Island Trip to Pulau Lakei
Pulau Lakei is a small island with a wonderful white sand beach and small guard house. Located near the northern tip of the Bako National Park, trips to the island can be arranged with a boatman. The boat journey takes approximately one hour and on the way, you will see the beautiful rock formations and sea stacks. Apart from the beach, there is a wooden staircase with more than 150 steps that leads to the highest point of the island - a natural pool called Kolam Salamun with mysterious calligraphy and a view point that sits atop a steep cliff giving visitors an absolutely stunning vista.
Take a Cruise to Get Up Close to the Sea Stacks
You can hire a boat to see the famous giant sea stacks of Bako found at Teluk Pandan Kecil and along the coastline. These natural sandstone formations are often larger in real life than in pictures. The most prominent one just several metres out of the sea resembling the head of a cobra. There is also a unique sandstone formation resembling the head of a laughing lion.
When is the Best Time to Visit
The best time to visit Bako National Park is between March and October, as you might experience more rainfall and rough seas during November to February when it is the monsoon season across the South China Sea.
How to Get to Bako National Park
From Kuching to Bako National Park, take a bus ride with Rapid Kuching (red public bus number 1) from the Open Air Market bus station that departs every hour. The journey takes about 45 – 60 minutes.
By Taxi or Ride Share Service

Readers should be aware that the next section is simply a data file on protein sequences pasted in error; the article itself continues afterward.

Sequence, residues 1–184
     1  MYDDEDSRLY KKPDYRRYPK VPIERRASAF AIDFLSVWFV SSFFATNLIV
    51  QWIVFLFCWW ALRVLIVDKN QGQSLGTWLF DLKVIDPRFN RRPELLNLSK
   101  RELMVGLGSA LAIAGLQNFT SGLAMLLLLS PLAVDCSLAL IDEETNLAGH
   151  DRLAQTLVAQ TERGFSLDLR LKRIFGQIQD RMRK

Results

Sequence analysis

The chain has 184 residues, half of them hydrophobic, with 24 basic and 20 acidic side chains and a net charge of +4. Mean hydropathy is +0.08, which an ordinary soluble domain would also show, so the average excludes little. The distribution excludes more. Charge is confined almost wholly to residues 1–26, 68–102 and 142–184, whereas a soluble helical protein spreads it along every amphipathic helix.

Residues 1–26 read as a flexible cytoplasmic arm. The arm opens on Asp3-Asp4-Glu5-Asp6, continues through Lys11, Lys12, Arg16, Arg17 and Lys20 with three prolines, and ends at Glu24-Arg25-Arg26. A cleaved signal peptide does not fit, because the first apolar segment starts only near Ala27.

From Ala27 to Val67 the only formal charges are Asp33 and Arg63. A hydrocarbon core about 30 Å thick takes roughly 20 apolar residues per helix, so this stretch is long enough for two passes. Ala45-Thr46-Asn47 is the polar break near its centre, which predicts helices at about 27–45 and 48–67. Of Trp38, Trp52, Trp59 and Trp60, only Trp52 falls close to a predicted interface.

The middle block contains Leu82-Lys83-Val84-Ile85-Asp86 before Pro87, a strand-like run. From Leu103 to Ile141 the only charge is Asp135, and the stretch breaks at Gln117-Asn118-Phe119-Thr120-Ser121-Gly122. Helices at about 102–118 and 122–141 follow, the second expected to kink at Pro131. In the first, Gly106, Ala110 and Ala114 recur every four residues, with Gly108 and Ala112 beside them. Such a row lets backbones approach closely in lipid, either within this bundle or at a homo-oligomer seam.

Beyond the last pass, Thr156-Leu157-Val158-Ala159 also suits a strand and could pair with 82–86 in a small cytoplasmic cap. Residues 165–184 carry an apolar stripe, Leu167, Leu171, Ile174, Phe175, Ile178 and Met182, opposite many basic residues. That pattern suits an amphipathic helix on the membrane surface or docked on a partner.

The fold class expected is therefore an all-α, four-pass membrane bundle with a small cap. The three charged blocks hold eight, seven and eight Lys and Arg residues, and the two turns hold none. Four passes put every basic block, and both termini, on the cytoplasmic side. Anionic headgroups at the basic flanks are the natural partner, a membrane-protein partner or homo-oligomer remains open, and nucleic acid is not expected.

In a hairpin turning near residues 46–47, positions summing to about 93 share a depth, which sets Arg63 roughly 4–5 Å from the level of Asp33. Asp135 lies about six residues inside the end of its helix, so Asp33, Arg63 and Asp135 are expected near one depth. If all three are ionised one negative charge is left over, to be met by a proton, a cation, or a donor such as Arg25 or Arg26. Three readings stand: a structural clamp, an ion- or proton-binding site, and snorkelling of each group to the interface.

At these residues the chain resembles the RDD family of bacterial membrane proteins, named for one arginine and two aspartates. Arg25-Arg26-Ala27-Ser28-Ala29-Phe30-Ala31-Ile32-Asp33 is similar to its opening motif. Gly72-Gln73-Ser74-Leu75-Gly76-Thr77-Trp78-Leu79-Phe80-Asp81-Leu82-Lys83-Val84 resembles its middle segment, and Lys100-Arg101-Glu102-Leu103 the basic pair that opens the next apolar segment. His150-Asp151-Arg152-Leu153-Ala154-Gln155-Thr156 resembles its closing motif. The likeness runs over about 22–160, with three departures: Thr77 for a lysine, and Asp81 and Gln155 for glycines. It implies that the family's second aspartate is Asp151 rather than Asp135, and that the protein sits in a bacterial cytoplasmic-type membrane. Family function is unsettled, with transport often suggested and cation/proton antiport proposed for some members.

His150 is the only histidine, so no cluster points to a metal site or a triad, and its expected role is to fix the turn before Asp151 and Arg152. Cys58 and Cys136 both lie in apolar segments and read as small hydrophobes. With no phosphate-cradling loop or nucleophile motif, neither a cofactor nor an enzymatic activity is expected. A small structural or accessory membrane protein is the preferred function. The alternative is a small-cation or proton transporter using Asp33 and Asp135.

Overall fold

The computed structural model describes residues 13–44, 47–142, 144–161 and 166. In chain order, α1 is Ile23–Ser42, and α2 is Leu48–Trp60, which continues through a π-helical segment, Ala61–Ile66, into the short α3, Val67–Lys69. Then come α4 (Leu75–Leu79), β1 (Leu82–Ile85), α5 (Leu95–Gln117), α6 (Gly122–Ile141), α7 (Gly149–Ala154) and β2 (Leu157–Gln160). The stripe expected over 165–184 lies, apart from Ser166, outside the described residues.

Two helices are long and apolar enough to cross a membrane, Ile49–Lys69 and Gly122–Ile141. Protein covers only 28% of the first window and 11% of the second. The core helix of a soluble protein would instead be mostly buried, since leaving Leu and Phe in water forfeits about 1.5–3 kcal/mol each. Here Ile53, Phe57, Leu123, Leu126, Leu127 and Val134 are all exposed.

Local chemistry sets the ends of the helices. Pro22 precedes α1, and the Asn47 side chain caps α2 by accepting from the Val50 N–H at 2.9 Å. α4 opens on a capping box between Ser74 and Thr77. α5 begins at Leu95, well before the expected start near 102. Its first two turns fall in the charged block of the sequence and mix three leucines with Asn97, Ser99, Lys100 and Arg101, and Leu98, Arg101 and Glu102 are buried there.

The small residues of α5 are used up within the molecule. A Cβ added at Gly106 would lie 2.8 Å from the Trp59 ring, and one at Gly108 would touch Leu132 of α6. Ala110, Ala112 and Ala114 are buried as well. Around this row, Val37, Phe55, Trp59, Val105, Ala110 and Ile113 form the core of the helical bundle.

Alternatively, from Kuching to Bako National Park, take a taxi or use a ride share service to reach Bako in half the time by bus.
By Mini Bus or Mini Van
From the bus station near the Open Air Market in Kuching, take a mini bus or mini van that only departs when there are enough passengers onboard.
From Bako Village Jetty to Bako National Park
When you arrive at Bako Village, there is a visitor centre which you will have to register and purchase your entrance ticket and boat ticket. From the jetty, take a 20-minute boat ride to Bako National Park Headquarters. On the way, you will pass through mangrove swamps as the river mouth leads to the open sea.
Bako Boat Service Counter (Monday - Sunday, 9.00am - 3.00pm): +6011 2513 2711
How to Get Around
The size of Bako National Park village is just 27 square kilometres. It is easy to get around on foot. Otherwise, you can arrange a boat ride to one of the islands or to see the sea stacks.
What to Eat
There is only one park café inside Bako National Park that serves local food. The prices are reasonable. There is also a section which sells snacks, chips, cookies and ice cream. The selection is not wide but adequate.
It is possible to bring your own food as the accommodation comes with a shared fridge. You may set up a barbecue in Bako National Park if you notify the park.
Outside of Bako National Park, there are several seafood restaurants by the river. One of the famous places is Bako Seafood Restaurant in Kampung Hijrah that is known for fresh and affordable seafood.
Where to Stay
There are chalets, lodges and hostels for rent at the park headquarters. It is recommended to stay a night or two to experience the full diversity of what Bako has to offer.
If you are planning to stay overnight, it is advisable to do an online booking in advance.
What to Bring
Sunscreen, mosquito or bug repellent, rain poncho, umbrella, flashlight or headlamp, basic toiletries, aspirins and first aid kit, camera and charger cables are recommended to enhance your experience in nature.
What to Wear
You can wear comfortable attire and trekking shoes to explore the trails in Bako National Park.
Things to Note
- Saltwater crocodiles may be found near river mouths, beaches and in mangrove swamps. Swimming has not been allowed in the park.
- Do beware of jellyfishes, cuttlefishes and stingrays.